Apples are from the rose family, Pyrus Malus, and have been cultivated for over 3,000 years.
Apple orchards require year-round care. After all the apples are picked, the grass around the trees needs to be mowed to keep the rodent population down.
In winter when the trees are dormant they are pruned to encourage a better harvest. The trees are fertilized before blossom time in early May. The weather, along with with insect traps that catch both beneficial and harmful bugs, from this time on are monitored closely to determine spraying programs to prevent disease.
During this time the trees are not only growing this year’s apples they are forming next year’s buds on the branches too.
Then it is harvest time. Harvest is determined by the sugar/starch ration (and by taste!) of each variety.
We currently have about 9,000 apple trees at six orchard sites. Every spring we plant more trees and give them special treatment for the first few months; supporting them with a pole and training their little limbs to grow at the correct angle.
Most of our apple trees are growing on dwarf rootstock. There are, however, some trees that are near the highway which are called “standard” trees.
Dwarf trees are small; can plant 200 or more trees per acre and will produce apples in 3-6 years.
Standard trees are large; can plant 40 trees per acre and will produce apples in 8-12 years.
Dwarf trees require more limb training and pruning but are easier to pick.
Standard trees require large equipment and are difficult to pick due to their height.
Some apple trees in our orchards are of the semi-dwarf variety and thus a little larger than the dwarf.
Just before blossom time we rent honey bees from a beekeeper. Most apple varieties need a pollinator, like bees, to pollinate the blossoms. The beekeeper delivers the bees, feeds them, adds extra boxes to the hive stacks, harvests, and bottles the honey. We sell his honey in our store. This honey, however, is probably not just from our hives but contains a mixture of our honey and honey from his other hives in this region. Some folks with allergies need local honey and we cannot say with certainty that it is just from our area.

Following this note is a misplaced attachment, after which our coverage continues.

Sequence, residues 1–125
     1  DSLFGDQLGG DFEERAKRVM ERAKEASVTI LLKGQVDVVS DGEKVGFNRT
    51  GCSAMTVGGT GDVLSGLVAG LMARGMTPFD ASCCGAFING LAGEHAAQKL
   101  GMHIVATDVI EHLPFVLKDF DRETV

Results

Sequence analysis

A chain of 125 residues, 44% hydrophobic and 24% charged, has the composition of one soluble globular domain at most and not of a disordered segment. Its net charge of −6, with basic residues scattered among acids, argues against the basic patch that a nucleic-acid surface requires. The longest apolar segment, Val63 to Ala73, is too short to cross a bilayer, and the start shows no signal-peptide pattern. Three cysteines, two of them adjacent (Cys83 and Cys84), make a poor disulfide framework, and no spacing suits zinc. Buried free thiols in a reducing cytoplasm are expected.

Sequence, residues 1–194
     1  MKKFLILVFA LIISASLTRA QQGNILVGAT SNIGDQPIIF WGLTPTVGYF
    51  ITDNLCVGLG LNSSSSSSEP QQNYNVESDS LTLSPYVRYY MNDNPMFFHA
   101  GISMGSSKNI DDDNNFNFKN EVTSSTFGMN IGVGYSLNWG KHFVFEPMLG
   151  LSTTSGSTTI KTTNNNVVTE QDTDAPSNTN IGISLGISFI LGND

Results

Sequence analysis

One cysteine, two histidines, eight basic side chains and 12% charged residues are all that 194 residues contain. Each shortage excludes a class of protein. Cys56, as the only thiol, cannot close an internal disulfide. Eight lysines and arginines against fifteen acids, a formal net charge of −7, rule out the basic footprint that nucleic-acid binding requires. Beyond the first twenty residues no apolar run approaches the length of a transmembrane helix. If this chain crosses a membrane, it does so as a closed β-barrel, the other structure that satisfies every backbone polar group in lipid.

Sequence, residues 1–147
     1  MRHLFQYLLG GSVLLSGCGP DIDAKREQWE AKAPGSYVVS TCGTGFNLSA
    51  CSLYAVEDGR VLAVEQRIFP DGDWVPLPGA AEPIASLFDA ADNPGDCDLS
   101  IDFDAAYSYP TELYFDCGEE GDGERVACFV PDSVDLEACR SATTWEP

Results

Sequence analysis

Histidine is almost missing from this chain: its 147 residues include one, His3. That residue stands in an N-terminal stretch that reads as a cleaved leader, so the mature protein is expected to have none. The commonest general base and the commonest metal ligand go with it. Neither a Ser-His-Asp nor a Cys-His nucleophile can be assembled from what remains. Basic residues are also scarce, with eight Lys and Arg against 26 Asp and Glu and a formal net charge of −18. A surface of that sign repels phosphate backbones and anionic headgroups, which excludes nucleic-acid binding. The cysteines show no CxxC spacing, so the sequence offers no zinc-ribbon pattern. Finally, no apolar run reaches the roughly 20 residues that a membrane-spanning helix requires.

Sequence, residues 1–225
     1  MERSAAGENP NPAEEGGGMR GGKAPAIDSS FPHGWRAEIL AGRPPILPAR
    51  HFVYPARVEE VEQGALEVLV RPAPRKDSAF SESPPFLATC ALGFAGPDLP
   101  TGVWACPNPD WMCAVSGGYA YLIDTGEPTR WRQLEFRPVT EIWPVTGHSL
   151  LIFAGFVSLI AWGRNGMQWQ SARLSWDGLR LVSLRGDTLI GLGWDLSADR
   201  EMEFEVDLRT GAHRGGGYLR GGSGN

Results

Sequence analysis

Jersey Mac – A great all purpose apple from the McIntosh family.
Puritan – a sweet early eating apple
Duchess – the “queen of baking” apples – high in pectin and quite tart
Zestar – first planted in 2001, this pinkish apple is crisp and juicy – a favorite of the Honeycrisp folks
Paula Red – a white-fleshed cooking and eating apple – crisp and similar to Cortland
Molly Delicious – a sweet yellow and pink eating apple from the Red Delicious family
Ginger Gold – from the Golden Delicious family – greenish/gold and great to eat or cook
McIntosh – all-purpose, great to eat or cook, breaks down more than a Cortland when cooking
Gala – a mild sweet flavor and stores very well
Jonamac – this cross of McIntosh and Jonanthan is great to eat or bake
Honeycrisp – cripsy and great for cooking or eating
Cortland – a large white-fleshed all purpose apple that is snappy, crisp and tangy, a favorite of our bakers
Haralson – Wisconsin’s “Granny Smith” apple with lots of tangy flavor
Spartan – wonderfully crisp and juicy, this all purpose apple is tangy and fruity
LindaMac – sweeter than a McIntosh but not as soft and keeps fairly well
Empire – a cross between a McIntosh and a Red Delicious it is sweet/tart and the perfect salad, cooking, baking or eating apple
Golden Delicious – a delicate yellow/green apple which is sweet/tart and used to eat or bake
Red Delicious – this old favorite eating apple is firm and sweet and wonderful fresh off the tree!
Russett – An antique apple, hard fleshed, rough looking and wonderful to eat or cook.
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